Video

Video Next to Iran, Climate at Forefront of Obama Agenda

President Barack Obama this week announced new initiatives aimed at making it easier for Americans to access renewable energy sources such as solar and wind. Obama is not slowing down when it comes to pushing through climate change measures, an issue he says is the greatest threat to the country’s national security. VOA correspondent Aru Pande has more from the White House.
Video

Video Shipping Containers Provide Experimental Housing

Housing prices around the San Francisco Bay area are out of reach for many people, so some young entrepreneurs, artists and tech industry workers are creating their own houses using converted shipping containers. But as VOA's Mike O’Sullivan reports from Oakland, the effort requires ingenuity and dealing with restrictive local laws.
Video

Video Arctic Draws International Competition for Oil

A new geopolitical “Great Game” is underway in earth’s northernmost region, the Arctic, where Russia has claimed a large area for resource development and President Barack Obama recently approved Shell Oil Company’s test-drilling project in an area under U.S. control. Greg Flakus reports.
Video

Video Philippine Maritime Police: Chinese Fishermen a Threat to Country’s Security

China and the Philippines both claim maritime rights in the South China Sea.  That includes the right to fish in those waters. Jason Strother reports on how the Philippines is catching Chinese nationals it says are illegal poachers. He has the story from Palawan province.
Video

Video Technique May Eliminate Drill-and-Fill Dental Care

Many people dread visiting dentists because they're afraid of drills. Now, however, a technology developed by a British firm promises to eliminate the need for mechanical cleaning of dental cavities by speeding a natural process of tooth repair. VOA’s George Putic reports.
Video

Video China's Spratly Island Building Said to Light Up the Night 'Like A City'

Southeast Asian countries claim China has illegally seized territory in the Spratly islands. It is especially a concern for a Philippine mayor who says Beijing is occupying parts of his municipality. Jason Strother reports from the capital of Palawan province, Puerto Princesa.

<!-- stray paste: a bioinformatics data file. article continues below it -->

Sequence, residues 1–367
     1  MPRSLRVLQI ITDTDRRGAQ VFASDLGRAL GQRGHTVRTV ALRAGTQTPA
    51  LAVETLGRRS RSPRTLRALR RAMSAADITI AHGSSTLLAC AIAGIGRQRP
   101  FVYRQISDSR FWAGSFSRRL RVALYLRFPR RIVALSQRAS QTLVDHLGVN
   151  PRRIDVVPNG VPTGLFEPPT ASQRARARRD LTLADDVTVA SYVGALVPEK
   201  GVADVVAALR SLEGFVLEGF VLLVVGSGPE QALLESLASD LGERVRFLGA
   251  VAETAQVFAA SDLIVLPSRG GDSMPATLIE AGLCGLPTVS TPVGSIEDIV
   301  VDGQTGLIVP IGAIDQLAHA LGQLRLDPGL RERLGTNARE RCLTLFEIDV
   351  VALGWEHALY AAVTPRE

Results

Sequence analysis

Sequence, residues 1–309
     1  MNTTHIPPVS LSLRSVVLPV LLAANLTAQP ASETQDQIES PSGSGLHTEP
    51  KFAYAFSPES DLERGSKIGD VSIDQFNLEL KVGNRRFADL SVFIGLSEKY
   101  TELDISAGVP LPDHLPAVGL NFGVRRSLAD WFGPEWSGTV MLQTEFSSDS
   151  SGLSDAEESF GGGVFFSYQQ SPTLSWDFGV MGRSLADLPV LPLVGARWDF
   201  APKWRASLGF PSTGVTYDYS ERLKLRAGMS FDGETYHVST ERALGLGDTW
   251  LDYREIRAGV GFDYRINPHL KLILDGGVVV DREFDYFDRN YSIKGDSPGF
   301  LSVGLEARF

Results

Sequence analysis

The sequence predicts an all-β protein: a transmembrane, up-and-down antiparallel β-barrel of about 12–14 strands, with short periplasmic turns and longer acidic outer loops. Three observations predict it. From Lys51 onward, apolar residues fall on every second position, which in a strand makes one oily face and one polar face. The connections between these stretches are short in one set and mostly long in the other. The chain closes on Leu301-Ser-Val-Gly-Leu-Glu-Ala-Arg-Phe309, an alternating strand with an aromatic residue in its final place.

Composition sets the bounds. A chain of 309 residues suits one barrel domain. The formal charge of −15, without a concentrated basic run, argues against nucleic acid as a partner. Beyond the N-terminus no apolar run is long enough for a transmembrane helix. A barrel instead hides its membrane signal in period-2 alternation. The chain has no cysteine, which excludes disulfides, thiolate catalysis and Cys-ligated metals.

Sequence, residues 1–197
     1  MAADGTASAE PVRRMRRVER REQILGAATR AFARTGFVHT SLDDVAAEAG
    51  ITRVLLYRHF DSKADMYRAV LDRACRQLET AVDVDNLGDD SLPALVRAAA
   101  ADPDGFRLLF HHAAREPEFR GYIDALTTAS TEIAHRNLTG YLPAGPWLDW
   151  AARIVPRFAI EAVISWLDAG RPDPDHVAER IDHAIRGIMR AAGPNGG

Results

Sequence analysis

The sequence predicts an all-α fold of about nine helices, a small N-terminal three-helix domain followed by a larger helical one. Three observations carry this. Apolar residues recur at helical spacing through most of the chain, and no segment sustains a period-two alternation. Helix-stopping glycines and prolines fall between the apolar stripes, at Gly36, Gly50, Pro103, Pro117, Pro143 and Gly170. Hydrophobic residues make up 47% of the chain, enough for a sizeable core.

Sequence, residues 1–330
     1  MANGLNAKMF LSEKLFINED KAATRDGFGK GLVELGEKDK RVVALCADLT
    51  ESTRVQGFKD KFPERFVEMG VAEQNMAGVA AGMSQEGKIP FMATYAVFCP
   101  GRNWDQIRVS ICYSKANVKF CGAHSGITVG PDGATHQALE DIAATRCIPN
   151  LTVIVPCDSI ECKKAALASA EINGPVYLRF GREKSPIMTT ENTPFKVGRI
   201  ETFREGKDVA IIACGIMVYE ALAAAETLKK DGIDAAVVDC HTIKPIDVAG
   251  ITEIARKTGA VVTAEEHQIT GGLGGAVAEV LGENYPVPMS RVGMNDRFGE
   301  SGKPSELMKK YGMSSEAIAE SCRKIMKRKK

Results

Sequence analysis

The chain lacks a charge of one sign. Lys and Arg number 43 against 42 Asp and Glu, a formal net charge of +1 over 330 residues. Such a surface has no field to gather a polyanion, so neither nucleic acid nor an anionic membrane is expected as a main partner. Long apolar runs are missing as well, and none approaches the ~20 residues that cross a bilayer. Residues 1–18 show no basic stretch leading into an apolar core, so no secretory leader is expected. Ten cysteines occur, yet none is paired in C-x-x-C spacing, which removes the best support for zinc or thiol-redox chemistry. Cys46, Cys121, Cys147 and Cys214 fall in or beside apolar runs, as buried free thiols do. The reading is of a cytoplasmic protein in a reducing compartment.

Video

Video Ages-old Ice Reveals Secrets of Climate Change

Ice caps don't just exist at the world's poles. There are also tropical ice caps, and the largest sits atop the Peruvian Andes - but it is melting, quickly, and may be gone within the next 20 years. George Putic reports scientists are now rushing to take samples to get at the valuable information about climate change locked in the ice.
Video

Video French Experiment in Integrating Roma Under Threat

Plans to destroy France’s oldest slum have sparked an outcry on the part of its Roma residents. As Lisa Bryant reports from the Paris suburb of La Courneuve, rights groups argue the community is a fledgling experiment on integrating Roma who are often outcasts in many parts of Europe.
Video

Video Kenyans Turn to Agriculture for Business

Each year Kenyan universities continue to churn out graduates for the job market despite the already existing high rate of unemployment among youth in the country. Some of these young men and women have realized that agriculture can be as rewarding as any other business or job, and they are resorting to agribusiness in large numbers as a way of tackling unemployment. Rael Ombuor reports for VOA.
Video

Video First Women Graduate Elite Army Ranger School

Two women are making history for the U.S. Army by proving they are among the toughest of the tough. VOA's Carla Babb reports from Fort Benning, Georgia as 94 men and those two women rise as graduates of the difficult Ranger school.

VOA Blogs